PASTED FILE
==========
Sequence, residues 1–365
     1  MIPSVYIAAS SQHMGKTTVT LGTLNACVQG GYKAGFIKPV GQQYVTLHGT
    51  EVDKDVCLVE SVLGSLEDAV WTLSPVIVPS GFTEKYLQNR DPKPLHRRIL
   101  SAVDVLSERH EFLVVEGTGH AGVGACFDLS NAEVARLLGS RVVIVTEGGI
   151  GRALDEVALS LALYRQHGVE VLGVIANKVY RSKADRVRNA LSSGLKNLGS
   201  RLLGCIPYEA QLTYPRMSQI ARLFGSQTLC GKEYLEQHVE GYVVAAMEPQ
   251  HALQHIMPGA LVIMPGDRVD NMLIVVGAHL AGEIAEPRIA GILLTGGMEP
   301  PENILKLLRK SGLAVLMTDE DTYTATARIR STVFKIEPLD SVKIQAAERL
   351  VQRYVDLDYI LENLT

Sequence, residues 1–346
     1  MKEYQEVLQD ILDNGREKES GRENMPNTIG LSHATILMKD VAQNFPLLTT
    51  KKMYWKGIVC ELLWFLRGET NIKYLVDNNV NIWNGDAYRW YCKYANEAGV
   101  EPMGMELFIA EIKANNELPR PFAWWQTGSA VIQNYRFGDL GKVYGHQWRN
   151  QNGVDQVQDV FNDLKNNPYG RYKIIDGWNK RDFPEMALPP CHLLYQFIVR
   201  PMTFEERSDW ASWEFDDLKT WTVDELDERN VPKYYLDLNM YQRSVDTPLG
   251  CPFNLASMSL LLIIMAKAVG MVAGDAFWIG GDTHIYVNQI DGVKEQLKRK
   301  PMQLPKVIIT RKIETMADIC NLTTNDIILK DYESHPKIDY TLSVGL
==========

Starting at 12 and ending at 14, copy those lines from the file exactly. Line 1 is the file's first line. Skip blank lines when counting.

    51  KKMYWKGIVC ELLWFLRGET NIKYLVDNNV NIWNGDAYRW YCKYANEAGV
   101  EPMGMELFIA EIKANNELPR PFAWWQTGSA VIQNYRFGDL GKVYGHQWRN
   151  QNGVDQVQDV FNDLKNNPYG RYKIIDGWNK RDFPEMALPP CHLLYQFIVR